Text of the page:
Remote workers pay cooling bills or sweat out summer heat at home
Share Now on:
This Labor Day weekend brought a record-busting heat wave to much of the West. Los Angeles recorded its highest temperature ever, with part of the city reaching 121 degrees Sunday. It brings to a close what was a hotter than average summer across the country — one which many workers experienced from home instead of their aggressively temperature-controlled offices.
Anna Chen is among the legions of newly-remote employees adapting to work without industrial HVAC. The communications officer for Los Angeles County’s transit agency counts herself lucky to have air conditioning in her apartment. But she tries to save on electricity by toughing it out with fans until the late afternoon and setting the thermostat near 80 degrees when she does turn it on.
“I’m really cheap about some things,” she said. She’s taken to lying on her cool tile floor to work on her laptop and reminiscing about her frozen office.
“I usually have to keep a little cardigan or something there,” she said. “That is one of the things I think I really do miss.”
Tyler Knight, a product manager for an LA entertainment company, has been working in a studio attached to his garage, which he said heats up to about 85 degrees by mid-morning. He turns on his portable AC only when he gets really desperate, as his electricity bill has already shot up 25% over last year.
“There’s that moment late in the afternoon, where you’re already sort of dragging a little bit and the heat just doesn’t help,” he said.
An analysis by Riordan Frost, research analyst at Harvard’s Joint Center for Housing Studies, found that electricity use has decreased overall during the pandemic, but residential energy use is up.
“So basically, there has been a transfer of burden from the commercial and industrial sectors to the residential sector,” Frost said.
And workers are — for the most part — paying for it themselves, said Jeffrey Ruzal, an employment law attorney at Epstein Becker Green in New York City.
“Most states actually do not have reimbursement requirements with respect to what employers have to pay to employees who work from home,” he said.
Some states like California and Illinois do have stricter laws requiring employers to reimburse employees for work expenses at home. Until now, those have mostly applied to things like cell phone bills or internet service, but he thinks the current situation could force a change.
“I think in the next few months, we are going to see a closer look by the courts and departments of labor and other agencies to see whether there should be consideration of air conditioning and other electricity usage for working-from-home scenarios,” he said.
Because as hard as it may be to imagine from a steamy home office now, a cold winter and its heating bills are just around the corner.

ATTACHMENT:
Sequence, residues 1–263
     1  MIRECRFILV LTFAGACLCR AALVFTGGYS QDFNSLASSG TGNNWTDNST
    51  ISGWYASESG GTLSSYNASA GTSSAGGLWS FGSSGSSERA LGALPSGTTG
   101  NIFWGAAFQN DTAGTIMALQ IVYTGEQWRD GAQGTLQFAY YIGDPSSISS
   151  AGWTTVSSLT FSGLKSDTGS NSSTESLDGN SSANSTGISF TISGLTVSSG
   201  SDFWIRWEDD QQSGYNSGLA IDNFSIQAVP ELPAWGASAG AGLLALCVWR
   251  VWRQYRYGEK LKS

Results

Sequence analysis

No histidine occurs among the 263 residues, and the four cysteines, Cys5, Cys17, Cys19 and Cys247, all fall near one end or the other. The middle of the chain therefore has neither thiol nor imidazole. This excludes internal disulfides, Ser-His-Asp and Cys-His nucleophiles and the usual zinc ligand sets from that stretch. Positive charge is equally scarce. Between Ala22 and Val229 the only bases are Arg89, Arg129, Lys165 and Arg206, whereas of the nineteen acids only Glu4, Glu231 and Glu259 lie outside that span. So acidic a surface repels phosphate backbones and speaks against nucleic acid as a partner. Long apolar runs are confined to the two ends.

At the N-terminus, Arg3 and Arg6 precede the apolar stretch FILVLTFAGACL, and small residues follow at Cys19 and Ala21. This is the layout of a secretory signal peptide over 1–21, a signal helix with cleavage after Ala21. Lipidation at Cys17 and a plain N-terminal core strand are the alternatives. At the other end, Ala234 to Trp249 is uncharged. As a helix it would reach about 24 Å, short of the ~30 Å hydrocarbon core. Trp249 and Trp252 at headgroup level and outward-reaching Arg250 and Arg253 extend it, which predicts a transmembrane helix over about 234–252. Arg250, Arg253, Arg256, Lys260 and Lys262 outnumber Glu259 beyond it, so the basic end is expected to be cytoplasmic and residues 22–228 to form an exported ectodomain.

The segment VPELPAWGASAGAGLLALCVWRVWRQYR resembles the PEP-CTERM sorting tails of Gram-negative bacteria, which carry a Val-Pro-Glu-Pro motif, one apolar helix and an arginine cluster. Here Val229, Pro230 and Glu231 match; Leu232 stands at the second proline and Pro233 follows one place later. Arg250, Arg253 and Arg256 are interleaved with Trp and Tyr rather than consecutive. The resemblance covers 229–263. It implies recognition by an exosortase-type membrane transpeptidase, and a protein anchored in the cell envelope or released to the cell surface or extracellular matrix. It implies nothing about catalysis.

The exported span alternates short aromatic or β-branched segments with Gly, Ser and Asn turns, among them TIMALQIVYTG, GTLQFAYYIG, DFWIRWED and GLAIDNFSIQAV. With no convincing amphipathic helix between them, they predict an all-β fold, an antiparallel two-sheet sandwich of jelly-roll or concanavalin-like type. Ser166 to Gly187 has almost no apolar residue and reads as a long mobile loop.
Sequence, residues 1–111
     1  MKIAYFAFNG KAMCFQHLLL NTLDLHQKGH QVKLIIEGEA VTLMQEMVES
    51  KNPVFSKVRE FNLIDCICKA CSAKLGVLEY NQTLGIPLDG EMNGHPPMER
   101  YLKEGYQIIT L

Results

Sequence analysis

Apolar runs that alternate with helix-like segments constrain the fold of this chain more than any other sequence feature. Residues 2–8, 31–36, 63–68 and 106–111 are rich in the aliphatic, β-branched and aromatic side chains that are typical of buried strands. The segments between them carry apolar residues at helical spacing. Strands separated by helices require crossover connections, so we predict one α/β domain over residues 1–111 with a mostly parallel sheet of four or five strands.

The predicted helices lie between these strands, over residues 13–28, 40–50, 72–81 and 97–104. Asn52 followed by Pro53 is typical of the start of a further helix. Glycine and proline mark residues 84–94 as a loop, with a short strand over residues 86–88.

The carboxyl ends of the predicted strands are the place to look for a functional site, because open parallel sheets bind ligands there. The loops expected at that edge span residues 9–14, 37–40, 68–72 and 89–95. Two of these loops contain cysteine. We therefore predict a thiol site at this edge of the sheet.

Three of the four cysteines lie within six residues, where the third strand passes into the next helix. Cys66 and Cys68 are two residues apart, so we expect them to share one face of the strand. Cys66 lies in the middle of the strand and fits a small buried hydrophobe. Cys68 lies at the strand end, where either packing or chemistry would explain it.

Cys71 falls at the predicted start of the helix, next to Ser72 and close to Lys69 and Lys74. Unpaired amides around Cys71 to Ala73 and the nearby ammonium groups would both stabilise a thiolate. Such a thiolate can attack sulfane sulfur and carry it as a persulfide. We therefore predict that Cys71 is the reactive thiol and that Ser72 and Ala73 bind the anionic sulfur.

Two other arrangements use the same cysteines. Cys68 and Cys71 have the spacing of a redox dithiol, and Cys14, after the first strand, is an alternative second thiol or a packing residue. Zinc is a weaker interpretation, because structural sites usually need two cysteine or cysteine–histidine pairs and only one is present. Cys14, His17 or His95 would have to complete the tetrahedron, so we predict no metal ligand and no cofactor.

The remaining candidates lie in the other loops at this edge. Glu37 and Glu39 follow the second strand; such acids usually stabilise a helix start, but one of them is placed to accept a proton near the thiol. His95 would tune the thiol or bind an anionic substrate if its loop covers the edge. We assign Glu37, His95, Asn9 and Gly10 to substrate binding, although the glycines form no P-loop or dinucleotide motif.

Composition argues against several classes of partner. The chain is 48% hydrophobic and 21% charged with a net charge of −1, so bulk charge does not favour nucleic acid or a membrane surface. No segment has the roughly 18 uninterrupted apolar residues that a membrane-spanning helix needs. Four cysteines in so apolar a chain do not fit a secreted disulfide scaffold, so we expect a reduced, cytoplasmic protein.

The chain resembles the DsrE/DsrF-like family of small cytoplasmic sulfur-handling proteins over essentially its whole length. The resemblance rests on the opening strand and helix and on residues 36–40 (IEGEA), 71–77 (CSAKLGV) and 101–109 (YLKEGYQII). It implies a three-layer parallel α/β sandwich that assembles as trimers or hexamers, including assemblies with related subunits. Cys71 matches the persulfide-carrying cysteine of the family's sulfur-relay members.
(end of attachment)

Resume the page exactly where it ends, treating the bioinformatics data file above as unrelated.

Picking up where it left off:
COVID-19 Economy FAQs
What are the details of President Joe Biden’s coronavirus relief plan?
The $1.9 trillion plan would aim to speed up the vaccine rollout and provide financial help to individuals, states and local governments and businesses. Called the “American Rescue Plan,” the legislative proposal would meet Biden’s goal of administering 100 million vaccines by the 100th day of his administration, while advancing his objective of reopening most schools by the spring. It would also include $1,400 checks for most Americans. Get the rest of the specifics here.
What kind of help can small businesses get right now?
A new round of Paycheck Protection Program loans recently became available for pandemic-ravaged businesses. These loans don’t have to be paid back if rules are met. Right now, loans are open for first-time applicants. And the application has to go through community banking organizations — no big banks, for now, at least. This rollout is designed to help business owners who couldn’t get a PPP loan before.
What does the hiring situation in the U.S. look like as we enter the new year?
New data on job openings and postings provide a glimpse of what to expect in the job market in the coming weeks and months. This time of year typically sees a spike in hiring and job-search activity, says Jill Chapman with Insperity, a recruiting services firm. But that kind of optimistic planning for the future isn’t really the vibe these days. Job postings have been lagging on the job search site Indeed. Listings were down about 11% in December compared to a year earlier.
As a nonprofit news organization, our future depends on listeners like you who believe in the power of public service journalism.
Your investment in Marketplace helps us remain paywall-free and ensures everyone has access to trustworthy, unbiased news and information, regardless of their ability to pay.
Donate today — in any amount — to become a Marketplace Investor. Now more than ever, your commitment makes a difference.